A Rave Review for an Alberta Black Bear Hunt with Trophy Stalkers
By Jens Valdemar Krenchel, Hunting Report Subscriber
(A black bear hunt in Alberta may not sound very exotic to some, but it certainly was for this group of hunters from Denmark. Here is what subscriber Jens Valdemar Krenchel had to say about this hunt with Ross Kinch of Trophy Stalkers.)
I owe reporting on this hunt to The Hunting Report, as it is the direct result of Tom McIntyre's article on wolf hunting opportunities in November 2011 (Article ID 2745) that made this hunt happen. Having read that article, and since I was going to the US on a business trip anyway, I was in contact with Ross Kinch of Trophy Stalkers in the spring of 2012. Due to my business trip and planning, it did not work out. But I told two good friends about this, and because Ross has black bear hunting as a leading activity they took my word for it and said, "Jens - we are going black bear hunting. Let's do it."
So eventually, we were four good friends going together, two of us bringing our wives as well. So, six in total. We were more than excited. Not only because of not having hunted on your side of the Atlantic before, but also because bears are not in Denmark where we all come from. So having read hunting stories, information and watching hunting movies, we were not really 100% sure what to expect. After arriving in Edmonton (flying Copenhagen-Toronto-Edmonton) we had a night there and were picked up Saturday, May 11th by Ross Kinch, exactly as arranged.
As I had never met Ross before, and as I was responsible for the success of five other people, I must admit I felt quite relieved when his truck with company logo came in front of the hotel. Even though I had no reason to have any fears, not least since his recommendation by The Hunting Report, I never the less was slightly relieved. We were driven about 600 km north of Edmonton to the camp. As we are not used to tent camps and were equally unsure of what to expect, it too proved to be a pleasant surprise. We slept two in each tent in good comfort and with heating in the tents. Ross was personally in charge of making us feel comfortable, and we sure did.
One of the real highlights was that a bathing facility had been set up. Standing under blue sky and the sun in a very good wooden bath feeling the heated water cleaning you is beyond description. If I should have a "complaint" it should only be that our wives felt so pampered that they thought we should learn a little from Ross and guides Tom and Wyatt.
A large number of baits had been prepared in advance of our arrival. Already on the first night we were placed where good chances where thought to be and two good 6-foot bears were taken on the first evening. I saw what I thought was a great bear, even took video of it, but it never presented me with a shot that I felt comfortable taking. They called my bear "the bucket thief." It had indeed developed a technique where it came over the timber logs behind the bait, carefully judged surroundings then went fast and resolutely down with its paw, put a claw at the rim of the bucket, caught it and ran away. So only a quick frontal shot presented itself, and I was not comfortable with that.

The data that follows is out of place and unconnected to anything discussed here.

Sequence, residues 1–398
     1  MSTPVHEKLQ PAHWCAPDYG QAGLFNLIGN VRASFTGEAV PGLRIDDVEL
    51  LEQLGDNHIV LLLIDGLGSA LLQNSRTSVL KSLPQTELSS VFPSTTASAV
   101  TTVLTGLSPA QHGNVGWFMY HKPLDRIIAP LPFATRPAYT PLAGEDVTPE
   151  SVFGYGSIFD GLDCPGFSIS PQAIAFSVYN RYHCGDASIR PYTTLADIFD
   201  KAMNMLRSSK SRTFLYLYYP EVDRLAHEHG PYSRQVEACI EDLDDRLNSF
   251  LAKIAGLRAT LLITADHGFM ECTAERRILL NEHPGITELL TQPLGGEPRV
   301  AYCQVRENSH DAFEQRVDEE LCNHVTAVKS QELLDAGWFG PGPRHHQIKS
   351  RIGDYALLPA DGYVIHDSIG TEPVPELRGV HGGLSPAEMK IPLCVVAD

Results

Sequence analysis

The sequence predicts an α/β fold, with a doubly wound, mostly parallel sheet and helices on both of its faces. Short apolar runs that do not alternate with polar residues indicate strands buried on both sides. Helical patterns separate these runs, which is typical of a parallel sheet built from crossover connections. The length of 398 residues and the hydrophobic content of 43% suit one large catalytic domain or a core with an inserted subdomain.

Having previously taken shots that I subsequently knew I was actually uncomfortable with I have learned to restrain myself. So, I asked to get that same bait again the next day, as I felt pretty sure that it was a nice one. So on the second day of the hunt we emptied the bucket on the ground and put the bucket in the open so the bear would have to clear the timber logs. As the evening went on, the bear came in cautiously as it had the day before. It truly looked puzzled as it was there on the logs and the bucket was not where it used to be. So, it took a leap forward and gave me a frontal quartering shot. I broke its right shoulder and took out both lungs with my .340 Weatherby with a 250 grain Rhino bullet.
Much to my surprise, the bear ran 15-20 feet before ending its days, although it was well cocked from the bullet impact. On that second day, one of the other hunters enjoyed a bear with yearlings playing around at his bait site. The yearlings got so close, and it was very hard to scare them away, that my good friend surely got quite an experience. In the following days we all subsequently tagged out, averaging 6-feet and with one 7-foot bear.
As I tagged out quite early, I tried one outing for wolf, and would, of course, have improved chances with more outings for that purpose. But we also felt like relaxing and having a good time, so the two of us that tagged out early chose to sit with our two other good friends at their baits, and we all had very enjoyable days.
In camp we were taken very good care of. Food was good at all times of the day, and Ross took good care of the girls while Tom and Wyatt were out guiding for us hunters. The girls one day borrowed Tom's car and ventured into the nearest town (couple of hours away) which was a great experience.
All in all I'd like to thank The Hunting Report and Tom McIntyre for opening our eyes to Trophy Stalkers and Ross Kinch. I think that the most relevant way of wrapping up our experience is to say that we are already planning our return to Canada and Ross Kinch.
Postscript: You can contact Kinch at 403-932-6013 or 403-815-5644.